Occurrence and distribution of larval lanternfish (Myctophidae) from the southwest Atlantic Ocean

Márcia S. de Castro William J. Richards Ana Cristina T. Bonecker About the authors


This study analyzes the occurrence and distribution of lanternfish (Myctophidae) larvae along the Brazilian coast (12-22ºS) between 200 m and the surface. Three cruises were conducted during the spring/1998, winter/1999 and autumn/2000. A total of 3,394 lanternfish larvae were identified representing 27 species and Lepidophanes guentheri (Goode & Bean, 1896) was the most abundant. Most of the identified taxa were in the postflexion stage. Myctophid larvae were more numerous during the winter. Most taxa were distributed widely from 12-22ºS, including some seamounts, and occurred mainly outside the 1,000 m isobath. Although there was no difference in the myctophid community among the coastal, oceanic and seamount regions it was significantly different during the three seasons. During the spring and autumn Hygophum reinhardtii (Lütken, 1892) was the discriminating species while in the winter there were more L. guentheri.

Brazilian coast; larval mesopelagic fish; Myctophidae; spatial variation; tropical region


Occurrence and distribution of larval lanternfish (Myctophidae) from the southwest Atlantic Ocean

Márcia S. de CastroI; William J. RichardsII; Ana Cristina T. BoneckerI

IDepartamento de Zoologia, Instituto de Biologia, Universidade Federal do Rio de Janeiro. CCS, Bloco A, Ilha do Fundão, 21941-590 Rio de Janeiro, RJ, Brazil. E-mail: mscastro@biologia.ufrj.br; ana@biologia.ufrj.br

IINOAA Fisheries, Southeast Fisheries Science Center. 75 Virginia Beach Drive, Miami, FL 33149, USA. E-mail: bill.richards@noaa.gov


This study analyzes the occurrence and distribution of lanternfish (Myctophidae) larvae along the Brazilian coast (12-22ºS) between 200 m and the surface. Three cruises were conducted during the spring/1998, winter/1999 and autumn/2000. A total of 3,394 lanternfish larvae were identified representing 27 species and Lepidophanes guentheri (Goode & Bean, 1896) was the most abundant. Most of the identified taxa were in the postflexion stage. Myctophid larvae were more numerous during the winter. Most taxa were distributed widely from 12-22ºS, including some seamounts, and occurred mainly outside the 1,000 m isobath. Although there was no difference in the myctophid community among the coastal, oceanic and seamount regions it was significantly different during the three seasons. During the spring and autumn Hygophum reinhardtii (Lütken, 1892) was the discriminating species while in the winter there were more L. guentheri.

Key words: Brazilian coast; larval mesopelagic fish; Myctophidae; spatial variation; tropical region.

Myctophids are mid-water fishes with laterally compressed bodies, measuring from 3-35 cm (MOSER & AHLSTROM 1996, MOSER & WATSON 2006), and have a circumglobal distribution (GARTNER et al. 1989). Myctophidae larvae are common in offshore samples, representing approximately 50% of all larvae collected in oceanic studies (MOSER & AHLSTROM 1974).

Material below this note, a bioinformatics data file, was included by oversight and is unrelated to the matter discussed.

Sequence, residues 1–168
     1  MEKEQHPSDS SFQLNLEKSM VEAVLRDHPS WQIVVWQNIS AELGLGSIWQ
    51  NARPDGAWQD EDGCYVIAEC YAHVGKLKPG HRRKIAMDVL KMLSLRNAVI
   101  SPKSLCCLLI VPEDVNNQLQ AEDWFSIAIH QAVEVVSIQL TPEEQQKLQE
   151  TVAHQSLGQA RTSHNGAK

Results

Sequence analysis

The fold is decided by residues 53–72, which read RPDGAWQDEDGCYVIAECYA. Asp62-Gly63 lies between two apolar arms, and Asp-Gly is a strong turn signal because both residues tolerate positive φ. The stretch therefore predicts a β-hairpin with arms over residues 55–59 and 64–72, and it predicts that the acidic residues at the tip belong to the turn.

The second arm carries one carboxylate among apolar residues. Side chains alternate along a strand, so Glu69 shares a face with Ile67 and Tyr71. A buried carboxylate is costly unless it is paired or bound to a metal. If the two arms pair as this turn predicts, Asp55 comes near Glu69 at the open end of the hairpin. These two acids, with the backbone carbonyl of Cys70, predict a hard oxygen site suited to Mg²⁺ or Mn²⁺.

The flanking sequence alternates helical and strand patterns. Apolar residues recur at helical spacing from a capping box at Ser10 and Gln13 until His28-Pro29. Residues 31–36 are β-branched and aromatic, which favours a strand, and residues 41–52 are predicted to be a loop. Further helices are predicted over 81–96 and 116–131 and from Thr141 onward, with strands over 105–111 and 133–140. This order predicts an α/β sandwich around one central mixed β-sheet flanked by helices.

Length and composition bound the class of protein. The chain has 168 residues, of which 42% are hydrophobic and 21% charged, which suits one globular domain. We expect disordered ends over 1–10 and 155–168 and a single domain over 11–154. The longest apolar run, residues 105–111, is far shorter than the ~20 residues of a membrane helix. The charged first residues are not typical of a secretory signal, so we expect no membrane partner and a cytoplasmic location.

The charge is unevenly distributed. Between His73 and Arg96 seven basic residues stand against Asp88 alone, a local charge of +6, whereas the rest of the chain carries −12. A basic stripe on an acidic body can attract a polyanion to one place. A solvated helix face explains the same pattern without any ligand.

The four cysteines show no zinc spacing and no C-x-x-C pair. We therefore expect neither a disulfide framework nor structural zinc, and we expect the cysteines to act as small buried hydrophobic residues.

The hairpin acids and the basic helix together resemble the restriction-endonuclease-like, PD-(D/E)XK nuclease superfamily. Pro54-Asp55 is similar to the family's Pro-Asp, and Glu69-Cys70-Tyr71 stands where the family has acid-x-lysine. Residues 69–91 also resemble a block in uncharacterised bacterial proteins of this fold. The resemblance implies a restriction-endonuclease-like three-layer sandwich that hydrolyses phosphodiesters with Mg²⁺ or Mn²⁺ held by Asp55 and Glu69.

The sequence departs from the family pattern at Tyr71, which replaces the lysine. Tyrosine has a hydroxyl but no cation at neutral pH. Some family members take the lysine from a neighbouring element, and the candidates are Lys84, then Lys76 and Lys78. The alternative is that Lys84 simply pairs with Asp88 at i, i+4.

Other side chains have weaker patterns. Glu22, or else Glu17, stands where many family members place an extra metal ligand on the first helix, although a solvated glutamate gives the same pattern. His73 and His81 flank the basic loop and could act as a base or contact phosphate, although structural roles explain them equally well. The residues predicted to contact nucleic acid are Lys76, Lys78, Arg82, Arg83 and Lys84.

Myctophidae contains 32 genera and 235 species (NELSON 2006). Adults have been fairly well studied and numerous species have been described (NAFPAKTITIS et al. 1977, HULLEY 1981, 1984, 1986, 1994, BECKER 1983, GARTNER et al. 1987).

Based on eye shape, lanternfish larvae can be separated into two groups. Myctophinae includes larvae with narrow, elliptical eyes while the Lampanyctinae is comprised of individuals with round or nearly round eyes (MOSER & AHLSTROM 1970, 1974, 1996). The first subfamily comprises about 14 genera and the later has about 18 genera (NELSON 2006).

Some myctophid species undergo vertical migration and this behavior suggests that lanternfishes play an important role in transferring energy from the upper to the deeper layers as they feed in the surface and defecate near the bottom (ANGEL 2003, CONLEY & HOPKINS 2004). They are also considered a possible source of human exploitation as they are preyed upon by fishes with high commercial value such as salmons and tunas (NAFPAKTITIS et al. 1977, MOSER & AHLSTROM 1970, 1996, COSTA 2004, KARAKULAK et al. 2009) and have been commercially fished in the Southern Ocean (COLLINS et al. 2008). Although mesopelagic fishes are not usually exploited they are potentially useful as indicator species as their distribution are often related to physical, chemical and biological characteristics of water masses (HULLEY 1992) and are sensitive to environmental changes (HSIEH et al. 2005).

Although there are several studies that describe the early life history of myctophid fishes (e.g. NAFPAKTITIS 1975, OZAWA 1986, MOSER et al. 1984, ZELCK et al. 1993, OLIVAR & PALOMERA 1994, MOSER & AHLSTROM 1996, MOSER & WATSON 2006), some species have undescribed larvae. In Brazil, there have been few studies of myctophid larvae and most of them identified individuals only to the family level (BONECKER et al. 1993, EKAU & MATSUURA 1996, EKAU et al. 1999, NOGUEIRA et al. 1999, NONAKA et al. 2000) and data on the distribution of myctophid species are scarce. Therefore, this study reports on a series of larval myctophid collections from Brazil, improving identifications at generic and species levels. It also relates species occurrence with salinity, temperature, seasonal and spatial variation.


Our study material is part of the Brazilian Program called Avaliação do Potencial Sustentável de Recursos Vivos na Zona Econômica Exclusiva - REVIZEE. The study area extends along the Brazilian coast between 12ºS and 22ºS. The continental shelf between 16ºS and 23ºS has an irregular profile. In the north, the continental shelf is 55 km wide. Near the Royal Charlotte Bank it is 110 km wide, reducing to 45 km between the banks; near the Abrolhos Bank the continental shelf enlarges again to 190 km (CASTRO & MIRANDA 1998) (Fig. 1). The presence of Abrolhos Bank and the seamounts of Vitória-Trindade ridge influence the downward flux of the Brazil Current, generating eddies, meanders and upwelling in this region (EKAU & MATSUURA 1996). The Brazil Current transports the nutrient poor Tropical Water mass southward, resulting in oligotrophic conditions in this area (GAETA et al. 1999). Water masses present in the study area are classified according to EMILSON (1959, 1961) and SILVEIRAet al. (2000) as follows: Shelf Water (SW) - T > 20ºC and 35 < S < 36; Tropical Water (TW) - T > 20ºC and S > 36; South Atlantic Central Water (SACW) - 6ºC < T < 20ºC and 34.6 < S < 36.